The UCLA SES has embraced the concept of delivering value in health care since its inception. Our efforts, launched prior to any knowledge of Porter's work, were and are driven by what we consider ethical principles: Optimizing long-term patient outcomes, zero-tolerance for waste, and making world-class care affordable for all patients regardless of insurance status. We subsequently found our practices to be well aligned with the six points of Porter's strategic agenda, which will form the framework of our discussion:[11
- Organize care into integrated practice units around patient medical conditions
- Measure outcomes and cost for every patient
- Move to bundled prices for care cycles
- Integrate care delivery across separate facilities
- Expand areas of excellence
- Create an enabling information technology platform
Organize care into integrated practice units around patient medical conditions
Currently, the health care system is organized into discrete services, reflecting traditional medical specialties or departments (radiology, anesthesiology, dermatology, etc.), which bear little relation to patient needs. The resulting care is fragmented, inefficient, and inconvenient for patients. The future of health care lies in moving to integrated practice units (IPUs), defined as multidisciplinary teams organized around a specific medical condition or group of conditions with common features. Ideally, IPUs are co-located in dedicated facilities under a unified administrative structure, where functional teams meet regularly. IPUs provide the full cycle of care for the condition(s) treated (everything required to restore the patient to health) and accept joint accountability for outcomes and costs. As a new endeavor, the UCLA SES benefitted from the absence of a structural legacy, permitting its creation as a multidisciplinary program from day one, incorporating team members from the following departments: Surgery, endocrinology, radiology, nuclear medicine, oncology, genetics, and pathology. Each team member devotes a substantial portion of his/her professional time to treating a focused set of conditions: Endocrine tumors (most commonly thyroid cancer), and diseases of endocrine hyperfunction (hormone excess). This arrangement supports the development of expertise.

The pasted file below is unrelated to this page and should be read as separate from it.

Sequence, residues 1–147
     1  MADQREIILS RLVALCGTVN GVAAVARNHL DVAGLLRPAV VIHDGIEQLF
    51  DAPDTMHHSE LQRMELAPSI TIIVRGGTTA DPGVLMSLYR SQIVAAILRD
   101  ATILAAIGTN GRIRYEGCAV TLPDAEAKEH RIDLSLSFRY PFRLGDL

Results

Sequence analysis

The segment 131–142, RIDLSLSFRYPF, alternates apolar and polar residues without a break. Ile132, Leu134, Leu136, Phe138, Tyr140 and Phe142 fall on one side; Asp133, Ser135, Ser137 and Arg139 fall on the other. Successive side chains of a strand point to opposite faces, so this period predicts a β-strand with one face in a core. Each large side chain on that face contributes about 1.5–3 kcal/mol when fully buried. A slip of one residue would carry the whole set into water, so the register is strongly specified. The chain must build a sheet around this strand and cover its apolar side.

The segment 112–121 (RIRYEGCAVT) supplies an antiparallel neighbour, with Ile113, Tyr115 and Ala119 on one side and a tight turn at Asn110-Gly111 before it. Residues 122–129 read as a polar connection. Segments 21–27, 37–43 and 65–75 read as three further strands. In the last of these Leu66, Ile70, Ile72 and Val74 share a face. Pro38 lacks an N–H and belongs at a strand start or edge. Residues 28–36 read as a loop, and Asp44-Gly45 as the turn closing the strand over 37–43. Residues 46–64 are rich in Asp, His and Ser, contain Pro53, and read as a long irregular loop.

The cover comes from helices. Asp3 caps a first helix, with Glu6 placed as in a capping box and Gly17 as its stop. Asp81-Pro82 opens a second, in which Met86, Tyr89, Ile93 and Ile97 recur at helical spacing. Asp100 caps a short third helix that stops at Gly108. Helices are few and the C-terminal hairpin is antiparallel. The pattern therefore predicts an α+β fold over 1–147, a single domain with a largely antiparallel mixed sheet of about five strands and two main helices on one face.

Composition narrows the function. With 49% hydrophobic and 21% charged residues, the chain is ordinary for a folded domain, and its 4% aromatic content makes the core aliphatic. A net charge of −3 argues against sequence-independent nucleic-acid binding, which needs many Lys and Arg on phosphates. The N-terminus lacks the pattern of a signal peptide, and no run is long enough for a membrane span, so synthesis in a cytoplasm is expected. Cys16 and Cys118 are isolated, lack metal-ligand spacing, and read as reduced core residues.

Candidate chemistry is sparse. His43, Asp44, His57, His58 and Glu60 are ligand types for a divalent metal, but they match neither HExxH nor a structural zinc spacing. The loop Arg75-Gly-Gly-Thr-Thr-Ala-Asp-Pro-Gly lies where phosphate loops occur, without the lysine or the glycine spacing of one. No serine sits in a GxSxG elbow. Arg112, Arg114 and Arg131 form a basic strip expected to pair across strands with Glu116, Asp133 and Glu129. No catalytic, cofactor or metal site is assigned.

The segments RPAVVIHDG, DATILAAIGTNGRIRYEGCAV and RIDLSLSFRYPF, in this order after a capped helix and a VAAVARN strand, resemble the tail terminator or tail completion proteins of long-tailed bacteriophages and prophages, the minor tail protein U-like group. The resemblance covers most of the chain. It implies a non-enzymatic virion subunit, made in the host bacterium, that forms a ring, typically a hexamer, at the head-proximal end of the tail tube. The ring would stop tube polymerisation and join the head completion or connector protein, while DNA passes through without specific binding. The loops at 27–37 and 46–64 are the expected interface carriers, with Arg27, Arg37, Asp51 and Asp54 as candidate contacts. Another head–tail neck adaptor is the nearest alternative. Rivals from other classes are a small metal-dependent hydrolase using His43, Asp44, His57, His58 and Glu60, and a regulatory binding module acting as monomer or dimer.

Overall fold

At present, due to institutional resource limitations, we are not co-localized. Regular multidisciplinary meetings are held to discuss challenging cases, to provide feedback for quality improvement, and to develop and implement improved treatment methods and technologies. As illustrated in our results, the care cycle for these conditions stretches for years, generally obligating lifelong surveillance as thyroid cancer is associated with an excellent survival rate but a significant recurrence rate of 10% at 10 years that cannot be neglected.[1